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Total Knee Replacement

Frequently Asked Questions

What is a knee replacement?

A knee replacement is an elective surgery, replacing the bottom end of the femur and the top end of the tibia with a man made device (prosthesis). The back surface of the patella is also commonly resurfaced. Total knee replacement is not a complete solution to the problem as they become loose with time and may need to be revised (which means another operation) within ten to fifteen years.

What are the benefits of a total knee replacement?

You do not have to live with a painful knee for the rest of your life. During this surgery your problem knee joint is replaced with an artificial joint (a prosthesis). After a total knee replacement, you can look forward to moving more easily and without pain.

What is the prosthesis made of?

These devices are combinations of metal and plastic and sometimes ceramic materials.

What is used to attach it to my bones?

They are fixed to the bone either using bone cement or by using a prosthesis with a rough surface, which relies on your bone growing on to the implant for long term stability. It may be reinforced with screws on the tibial side. In between the two components is a special plastic liner made out of polyethylene.

Who is offered total knee replacement as an option?

When you have arthritis on your X-ray and pain and stiffness from your knee joint cause:

  • Severe disability
  • Difficulty or inability to perform your job
  • Interference with your leisure activities
  • Interference with your walking or mobility
  • Difficulty putting on shoes and socks
  • Waking you at night despite non operative treatment such as drugs
Or when conservative treatment such as analgesia, anti-inflammatories, weight loss, physiotherapy and aids like crutches or a cane has failed.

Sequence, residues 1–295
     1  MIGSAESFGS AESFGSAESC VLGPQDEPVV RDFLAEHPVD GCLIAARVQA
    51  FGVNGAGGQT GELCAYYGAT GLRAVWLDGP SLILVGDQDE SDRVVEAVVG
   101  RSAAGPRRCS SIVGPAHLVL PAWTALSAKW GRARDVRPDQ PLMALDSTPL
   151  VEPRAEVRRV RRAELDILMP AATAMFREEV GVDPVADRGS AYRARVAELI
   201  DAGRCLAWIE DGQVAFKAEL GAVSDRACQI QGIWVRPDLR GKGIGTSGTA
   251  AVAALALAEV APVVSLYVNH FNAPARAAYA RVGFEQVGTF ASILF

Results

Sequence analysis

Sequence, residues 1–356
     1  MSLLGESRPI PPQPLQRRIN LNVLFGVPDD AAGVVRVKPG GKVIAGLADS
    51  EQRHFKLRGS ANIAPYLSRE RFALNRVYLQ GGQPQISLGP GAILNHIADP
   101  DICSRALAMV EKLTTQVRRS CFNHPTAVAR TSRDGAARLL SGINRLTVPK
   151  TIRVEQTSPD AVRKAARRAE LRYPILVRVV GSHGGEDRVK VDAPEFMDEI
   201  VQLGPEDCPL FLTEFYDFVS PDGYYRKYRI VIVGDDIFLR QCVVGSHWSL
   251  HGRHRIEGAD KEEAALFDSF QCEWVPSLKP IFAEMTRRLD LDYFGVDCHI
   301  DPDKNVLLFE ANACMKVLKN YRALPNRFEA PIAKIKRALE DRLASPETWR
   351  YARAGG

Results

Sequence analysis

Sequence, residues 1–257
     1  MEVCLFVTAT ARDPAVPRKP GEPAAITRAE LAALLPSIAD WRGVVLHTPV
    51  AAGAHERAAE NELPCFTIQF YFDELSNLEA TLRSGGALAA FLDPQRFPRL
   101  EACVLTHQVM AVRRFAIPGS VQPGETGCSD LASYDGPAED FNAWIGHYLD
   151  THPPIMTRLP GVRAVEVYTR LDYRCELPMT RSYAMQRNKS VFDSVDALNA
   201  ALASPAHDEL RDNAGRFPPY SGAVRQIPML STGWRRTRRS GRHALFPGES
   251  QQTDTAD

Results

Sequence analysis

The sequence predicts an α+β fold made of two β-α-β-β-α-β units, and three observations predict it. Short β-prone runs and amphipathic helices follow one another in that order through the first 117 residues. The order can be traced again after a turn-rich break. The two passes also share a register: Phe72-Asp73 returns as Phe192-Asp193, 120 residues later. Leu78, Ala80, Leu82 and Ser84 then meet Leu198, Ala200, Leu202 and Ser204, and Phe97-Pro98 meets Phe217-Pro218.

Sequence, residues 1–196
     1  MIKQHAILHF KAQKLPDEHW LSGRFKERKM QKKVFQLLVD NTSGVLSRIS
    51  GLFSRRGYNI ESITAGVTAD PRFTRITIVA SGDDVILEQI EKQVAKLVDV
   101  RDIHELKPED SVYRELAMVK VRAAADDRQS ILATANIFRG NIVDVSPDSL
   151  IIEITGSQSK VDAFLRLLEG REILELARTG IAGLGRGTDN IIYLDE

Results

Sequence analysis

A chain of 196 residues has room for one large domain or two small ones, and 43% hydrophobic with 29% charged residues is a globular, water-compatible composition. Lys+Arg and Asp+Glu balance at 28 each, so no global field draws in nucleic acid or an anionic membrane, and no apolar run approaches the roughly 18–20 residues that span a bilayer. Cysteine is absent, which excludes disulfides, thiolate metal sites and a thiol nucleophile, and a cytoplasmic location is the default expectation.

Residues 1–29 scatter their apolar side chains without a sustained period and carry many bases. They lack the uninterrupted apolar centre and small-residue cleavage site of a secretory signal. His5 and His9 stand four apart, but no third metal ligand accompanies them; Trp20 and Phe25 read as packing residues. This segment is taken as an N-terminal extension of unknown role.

Remember that it is an elective procedure and should only be performed when you are no longer prepared to put up with your pain and disability and understand the benefits versus the risks involved.

Is the procedure safe?

Knee replacement procedures have come a long way since their beginning in Ancient Egypt. They are now a very commonly performed procedure and advancements continue to be made.

However, there are risks in any operation. You can read about the general complications here. Some complications specific to total knee replacement are:

  • Infection
  • Fracture
  • Stiffness
  • Damage to nerves or blood vessels
  • Blood clots
  • Wound irritation or breakdown
  • Wear
  • Osteolysis
  • Damage to ligaments
  • Dislocation
  • Heterotopic ossification
  • Cosmetic appearance
  • Leg length inequality
  • Breakage of the implant
Your doctor can give you more information about these complications.

When can I go back to work?

Most patients return to sedentary jobs at 3-6 months after total knee replacement. It must be stressed to the patient before surgery that they may not return to manual labour after joint replacement. Any heavy manual job will result in premature loosening of the joint replacement and pain due to the increased stress on the joint replacement. Clerical or supervisory duties are suitable for a patient with a total knee replacement.

When will I be able to drive again?

When you feel comfortable using your leg fully. For most people, they feel comfortable driving after six weeks. Please also check with your insurance company as they may have specific rules on when you can drive after surgery.

When will I be able to resume sexual intercourse?

Sexual intercourse is allowed when the patient is comfortable but they have to be in charge of the positions used and any significant discomfort should result in the patient abstaining until they talk to their doctor.

In general, sexual intercourse occurs at around three to six weeks post operatively.

When will I be able to play sports?

Obviously, pounding sports are not good for joint replacement as they can wear the articulation. We recommend walking, bushwalking, swimming, stationary bike riding, doubles tennis and skiing on groomed runs if the patient is already a good skier. Jogging and heavy weights, although possible, will wear the joint prematurely.


02 9735 3637
02 9735 3635

Hip & Knee Clinic
Retail 4/8 Australia Ave
Sydney Olympic Park
Homebush Bay NSW 2127
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